Winslet, Kate 1975–
WINSLET, Kate 1975–
Full name, Kate Elizabeth Winslet; born October 5, 1975, in Reading, Berkshire, England; daughter of Roger (an actor) and Sally (an actress; maiden name, Bridges) Winslet; sister of Anna Winslet and Beth Winslet (both actresses); niece of Robert Bridges (a stage actor); married Jim Threapleton (a director), November 22, 1998 (divorced, December 13, 2001); married San Mendes (a director), May 24, 2003; children: (first marriage) Mia; (second marriage) Joe Alfie.
Addresses: Agent— Hylda Queally, William Morris Agency, 151 El Camino Dr., Beverly Hills, CA 90212; and Dallas Smith, Peters Fraser & Dunlop, Drury House, 34–43 Russell St., London WC2B 5HA, England. Publicist— Robert Garlock, PMK/HBH Public Relations New York, 650 Fifth Ave., 33rd Floor, New York, NY 10019.
Career: Actress. Appeared in British commercials.
Awards, Honors: Film Award, New Zealand Film and Television Awards, best foreign performer, 1995, London Critics Circle Film Award, British actress of the year, 1996, and Empire Award, best British actress, 1996, all for Heavenly Creatures; Actor Award, best supporting actress, 1995, Film Award, British Academy of Film and Television Arts, best performance by an actress in a supporting role, Screen Actors Guild Award, outstanding performance by a female actor in a supporting role, Academy Award nomination, best supporting actress, and Golden Globe Award nomination, best performance by an actress in a supporting role in a motion picture, all 1996, all for Sense and Sensibility; Evening Standard British Film Award, best actress, 1997, for Jude and Sense and Sensibility; Golden Satellite Award nomination, International Press Academy, best performance by an actress in a supporting role in a motion picture—drama, 1997, and Empire Award, best British actress, 1998, both for Hamlet; Audience Award, European Film awards, best actress, Blockbuster Entertainment Award, favorite actress—drama, Academy Award nomination and Online Film Critics Society Award nomination, both best actress, Golden Globe Award nomination, best performance by an actress in a motion picture—drama, Golden Satellite Award nomination, best performance by an actress in a motion picture—drama, Screen Actors Guild Award nominations, outstanding performance by a female actor in a leading role and outstanding cast performance (with others), European Film Award nomination, outstanding European achievement in world cinema, MTV Movie Award nominations, best female performance, best on-screen duo (with Leonardo DiCaprio), and best kiss (with DiCaprio), all 1998, Empire Award, best British actress, 1999, London Critics Circle Film Award nomination, British actress of the year, 1999, and German Golden Camera Award, outstanding international film, 2001, all for Titanic; Variety Club of Great Britain Award, film actress of the year, 1998; People's Choice Award nomination, favorite motion picture actress, 1999; Grammy Award (with others), National Academy of Recording Arts and Sciences, best spoken word album for children, c. 2000, for Listen to the Storyteller; Sierra Award nomination, Las Vegas Film Critics Society, best supporting actress, 2000, Screen Actors Guild Award nomination, outstanding performance by a female actor in a supporting role, Golden Satellite Award nomination, best performance by an actress in a supporting role in a motion picture—drama, Empire Award nomination, best actress, London Critics Circle Film Award nomination, British actress of the year, and Blockbuster Entertainment Award nomination, favorite actress—drama, all 2001, all for Quills; British Independent Film Award nomination, best actress, 2001, and Empire Award, best British actress, 2002, both for Enigma; Los Angeles Film Critics Association Award, best supporting actress, 2001, Golden Globe Award nomination, best performance by an actress in a supporting role in a motion picture, Academy Award nomination, best supporting actress, Film Award nomination, British Academy of Film and Television Arts, best performance by an actress in a supporting role, Golden Satellite Award nomination, best performance by an actress in a supporting role in a motion picture—drama, and Audience Award, European Film awards, best actress, all 2002, all for Iris; Evening Standard British Film Award, best actress, 2002, for Enigma, Iris, and Quills; Manchester Evening News Award, best supporting actress, for What the Butler Saw.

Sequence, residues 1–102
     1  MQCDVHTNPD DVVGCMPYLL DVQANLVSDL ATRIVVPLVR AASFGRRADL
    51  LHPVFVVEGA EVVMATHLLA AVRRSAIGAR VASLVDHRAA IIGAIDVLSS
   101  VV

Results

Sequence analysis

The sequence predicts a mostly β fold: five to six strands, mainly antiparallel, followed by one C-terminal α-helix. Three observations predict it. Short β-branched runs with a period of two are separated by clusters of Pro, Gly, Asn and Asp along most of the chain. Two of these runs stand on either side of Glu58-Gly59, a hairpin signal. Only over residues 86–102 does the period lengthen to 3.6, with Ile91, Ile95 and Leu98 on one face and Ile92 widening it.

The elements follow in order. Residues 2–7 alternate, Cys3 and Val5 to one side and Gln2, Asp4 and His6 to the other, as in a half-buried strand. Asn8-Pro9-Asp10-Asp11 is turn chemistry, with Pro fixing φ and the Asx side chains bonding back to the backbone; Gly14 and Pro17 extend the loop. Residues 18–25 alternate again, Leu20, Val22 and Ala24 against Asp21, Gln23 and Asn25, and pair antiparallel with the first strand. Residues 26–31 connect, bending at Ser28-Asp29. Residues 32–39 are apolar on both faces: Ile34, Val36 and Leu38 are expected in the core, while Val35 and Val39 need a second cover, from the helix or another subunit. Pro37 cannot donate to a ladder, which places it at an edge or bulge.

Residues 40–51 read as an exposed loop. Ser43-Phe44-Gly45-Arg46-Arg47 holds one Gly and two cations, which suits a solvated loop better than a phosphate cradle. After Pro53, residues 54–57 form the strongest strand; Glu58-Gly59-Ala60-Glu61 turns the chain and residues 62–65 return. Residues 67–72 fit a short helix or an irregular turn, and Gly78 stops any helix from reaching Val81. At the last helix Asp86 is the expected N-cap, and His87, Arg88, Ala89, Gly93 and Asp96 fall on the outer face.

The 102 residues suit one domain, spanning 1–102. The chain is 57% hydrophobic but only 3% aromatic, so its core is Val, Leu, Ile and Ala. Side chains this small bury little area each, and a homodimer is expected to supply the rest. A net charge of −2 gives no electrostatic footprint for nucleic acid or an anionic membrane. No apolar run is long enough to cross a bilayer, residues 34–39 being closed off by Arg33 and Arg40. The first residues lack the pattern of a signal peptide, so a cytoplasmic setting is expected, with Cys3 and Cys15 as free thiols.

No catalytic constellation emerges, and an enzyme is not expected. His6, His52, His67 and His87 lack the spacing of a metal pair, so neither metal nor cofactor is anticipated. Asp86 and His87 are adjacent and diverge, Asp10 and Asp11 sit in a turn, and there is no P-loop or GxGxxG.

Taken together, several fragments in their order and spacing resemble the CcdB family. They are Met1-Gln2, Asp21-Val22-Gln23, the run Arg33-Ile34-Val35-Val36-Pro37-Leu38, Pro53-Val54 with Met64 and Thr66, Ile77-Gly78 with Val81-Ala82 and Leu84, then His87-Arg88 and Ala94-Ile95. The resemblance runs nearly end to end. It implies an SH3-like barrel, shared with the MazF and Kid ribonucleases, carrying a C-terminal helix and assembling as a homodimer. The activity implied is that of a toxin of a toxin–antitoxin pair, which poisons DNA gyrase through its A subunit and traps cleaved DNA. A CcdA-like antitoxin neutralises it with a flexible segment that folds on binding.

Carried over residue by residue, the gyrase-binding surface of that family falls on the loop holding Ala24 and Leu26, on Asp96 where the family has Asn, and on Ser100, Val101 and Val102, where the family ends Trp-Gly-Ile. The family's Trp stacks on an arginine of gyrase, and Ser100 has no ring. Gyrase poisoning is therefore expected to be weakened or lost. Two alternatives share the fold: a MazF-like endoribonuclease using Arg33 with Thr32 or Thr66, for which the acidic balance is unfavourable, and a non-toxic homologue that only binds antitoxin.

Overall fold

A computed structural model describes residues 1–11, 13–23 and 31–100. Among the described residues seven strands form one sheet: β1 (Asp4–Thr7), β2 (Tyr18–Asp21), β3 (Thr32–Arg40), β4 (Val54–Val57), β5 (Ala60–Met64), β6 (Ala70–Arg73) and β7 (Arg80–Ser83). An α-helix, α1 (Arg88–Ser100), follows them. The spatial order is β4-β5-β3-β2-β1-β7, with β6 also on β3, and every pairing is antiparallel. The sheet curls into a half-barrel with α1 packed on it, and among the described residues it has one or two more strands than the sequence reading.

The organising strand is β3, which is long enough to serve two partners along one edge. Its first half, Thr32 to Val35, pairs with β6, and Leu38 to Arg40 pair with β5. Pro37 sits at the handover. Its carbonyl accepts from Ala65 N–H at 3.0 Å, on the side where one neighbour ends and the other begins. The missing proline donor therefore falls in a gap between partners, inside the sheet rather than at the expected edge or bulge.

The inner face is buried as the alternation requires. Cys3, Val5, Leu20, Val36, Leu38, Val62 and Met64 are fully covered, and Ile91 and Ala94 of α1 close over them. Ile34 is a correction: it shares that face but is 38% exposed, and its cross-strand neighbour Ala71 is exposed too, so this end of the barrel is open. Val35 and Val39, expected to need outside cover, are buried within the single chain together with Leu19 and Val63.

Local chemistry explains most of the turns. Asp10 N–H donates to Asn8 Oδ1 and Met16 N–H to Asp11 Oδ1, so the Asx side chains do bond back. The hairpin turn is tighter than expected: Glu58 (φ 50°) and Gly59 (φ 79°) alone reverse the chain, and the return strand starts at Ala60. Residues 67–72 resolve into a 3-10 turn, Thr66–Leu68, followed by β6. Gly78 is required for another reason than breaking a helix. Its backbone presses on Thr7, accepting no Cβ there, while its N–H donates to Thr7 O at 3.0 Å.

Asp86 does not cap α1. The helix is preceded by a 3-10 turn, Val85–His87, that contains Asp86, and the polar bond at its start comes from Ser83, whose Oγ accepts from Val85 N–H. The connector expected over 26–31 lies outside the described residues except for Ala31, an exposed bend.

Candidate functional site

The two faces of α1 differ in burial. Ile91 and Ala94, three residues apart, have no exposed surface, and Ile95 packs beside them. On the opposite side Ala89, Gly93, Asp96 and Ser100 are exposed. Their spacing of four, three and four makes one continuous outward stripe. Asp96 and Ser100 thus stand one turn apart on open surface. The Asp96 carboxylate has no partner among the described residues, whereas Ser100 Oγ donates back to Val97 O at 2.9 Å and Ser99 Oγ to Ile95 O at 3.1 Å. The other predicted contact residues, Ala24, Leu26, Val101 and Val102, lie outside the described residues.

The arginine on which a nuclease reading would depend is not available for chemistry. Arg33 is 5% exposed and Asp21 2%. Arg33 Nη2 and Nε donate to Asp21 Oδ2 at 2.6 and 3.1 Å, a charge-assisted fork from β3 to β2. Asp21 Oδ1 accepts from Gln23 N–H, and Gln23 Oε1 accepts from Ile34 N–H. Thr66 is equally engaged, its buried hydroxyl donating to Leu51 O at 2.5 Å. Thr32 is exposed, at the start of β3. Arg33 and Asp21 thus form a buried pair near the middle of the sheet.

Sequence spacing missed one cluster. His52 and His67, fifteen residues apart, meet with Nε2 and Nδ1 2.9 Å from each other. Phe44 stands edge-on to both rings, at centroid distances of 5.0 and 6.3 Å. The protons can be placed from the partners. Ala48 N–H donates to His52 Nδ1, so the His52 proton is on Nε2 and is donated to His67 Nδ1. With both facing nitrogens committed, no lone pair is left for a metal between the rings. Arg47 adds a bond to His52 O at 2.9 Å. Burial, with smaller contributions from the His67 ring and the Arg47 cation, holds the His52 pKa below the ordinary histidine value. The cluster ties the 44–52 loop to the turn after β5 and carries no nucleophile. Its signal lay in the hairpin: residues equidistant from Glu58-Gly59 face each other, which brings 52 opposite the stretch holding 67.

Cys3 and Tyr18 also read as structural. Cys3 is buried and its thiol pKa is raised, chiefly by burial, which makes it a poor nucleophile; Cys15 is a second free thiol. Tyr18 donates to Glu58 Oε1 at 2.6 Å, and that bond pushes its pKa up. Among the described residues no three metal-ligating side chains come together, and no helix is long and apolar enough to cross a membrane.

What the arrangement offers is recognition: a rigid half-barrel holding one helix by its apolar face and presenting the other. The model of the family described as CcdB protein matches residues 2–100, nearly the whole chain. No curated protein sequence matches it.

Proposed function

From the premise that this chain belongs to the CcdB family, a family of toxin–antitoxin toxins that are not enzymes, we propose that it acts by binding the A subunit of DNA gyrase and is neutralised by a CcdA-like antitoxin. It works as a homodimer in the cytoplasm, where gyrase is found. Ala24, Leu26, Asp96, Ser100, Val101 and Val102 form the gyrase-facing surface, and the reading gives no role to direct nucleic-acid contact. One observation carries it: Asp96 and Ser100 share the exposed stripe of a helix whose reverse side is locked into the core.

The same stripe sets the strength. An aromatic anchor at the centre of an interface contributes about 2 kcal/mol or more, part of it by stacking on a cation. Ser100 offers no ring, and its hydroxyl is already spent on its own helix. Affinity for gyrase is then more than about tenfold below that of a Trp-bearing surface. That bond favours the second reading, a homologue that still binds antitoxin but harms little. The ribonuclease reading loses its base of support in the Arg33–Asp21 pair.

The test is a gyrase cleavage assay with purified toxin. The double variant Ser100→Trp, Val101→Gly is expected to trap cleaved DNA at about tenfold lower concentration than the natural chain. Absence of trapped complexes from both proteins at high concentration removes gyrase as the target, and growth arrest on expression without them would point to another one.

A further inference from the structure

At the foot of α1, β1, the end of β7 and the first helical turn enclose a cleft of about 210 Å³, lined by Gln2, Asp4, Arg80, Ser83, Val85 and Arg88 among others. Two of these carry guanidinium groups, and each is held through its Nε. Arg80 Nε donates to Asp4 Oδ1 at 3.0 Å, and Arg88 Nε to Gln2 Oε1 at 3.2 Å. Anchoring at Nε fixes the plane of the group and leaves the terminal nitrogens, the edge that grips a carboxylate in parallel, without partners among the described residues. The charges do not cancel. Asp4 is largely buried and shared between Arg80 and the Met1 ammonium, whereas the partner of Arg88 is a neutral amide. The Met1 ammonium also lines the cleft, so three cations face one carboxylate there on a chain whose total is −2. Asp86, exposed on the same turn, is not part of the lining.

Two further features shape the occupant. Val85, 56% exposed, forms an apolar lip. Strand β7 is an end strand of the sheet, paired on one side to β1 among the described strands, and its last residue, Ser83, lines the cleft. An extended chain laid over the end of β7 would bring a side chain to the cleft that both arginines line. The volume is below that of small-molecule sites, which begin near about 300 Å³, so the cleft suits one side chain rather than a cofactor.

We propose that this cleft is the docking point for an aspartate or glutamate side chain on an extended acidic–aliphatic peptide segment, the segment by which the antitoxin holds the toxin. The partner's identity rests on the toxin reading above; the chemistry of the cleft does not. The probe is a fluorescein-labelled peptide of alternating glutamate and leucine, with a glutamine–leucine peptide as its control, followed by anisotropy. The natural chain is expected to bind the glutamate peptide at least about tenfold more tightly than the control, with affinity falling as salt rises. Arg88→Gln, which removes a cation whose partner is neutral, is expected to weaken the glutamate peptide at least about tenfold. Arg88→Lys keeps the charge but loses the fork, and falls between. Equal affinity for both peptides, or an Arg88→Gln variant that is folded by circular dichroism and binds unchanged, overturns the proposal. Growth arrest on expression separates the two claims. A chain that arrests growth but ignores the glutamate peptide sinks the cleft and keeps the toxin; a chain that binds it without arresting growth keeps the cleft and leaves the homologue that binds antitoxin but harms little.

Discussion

Juliet Hulme, Heavenly Creatures (also released as Heavenly Creatures: The Uncut Version ), Miramax, 1994.
Marianne Dashwood, Sense and Sensibility, Columbia, 1995.
Princess Sarah, A Kid in King Arthur's Court, Buena Vista, 1995.
Ophelia, Hamlet (also known as William Shakespeare's Hamlet ), Castle Rock, 1996.
Sue Bridehead, Jude, Gramercy, 1996.
Rose DeWitt Bukater, Titanic, Paramount, 1997.
Julia, Hideous Kinky (also known as Marrakech Express ), Stratosphere Entertainment, 1998.
Ruth Barron, Holy Smoke!, Miramax, 1999.
Madeleine "Maddie" LeClerc, Quills (also known as Quills—Macht der Besessenheit ), Twentieth Century–Fox, 2000.
Hester Wallace, Enigma (also known as Enigma—Das Geheimnis ), Manhattan Pictures International, 2001.
Voices of Annie and Mum, War Game (animated short film), [Great Britain], 2001.
Voice of Belle, Christmas Carol: The Movie (animated; also known as Ein Weihnachtsmaerchen ), Metro–Goldwyn–Mayer/United Artists Home Entertainment, 2001.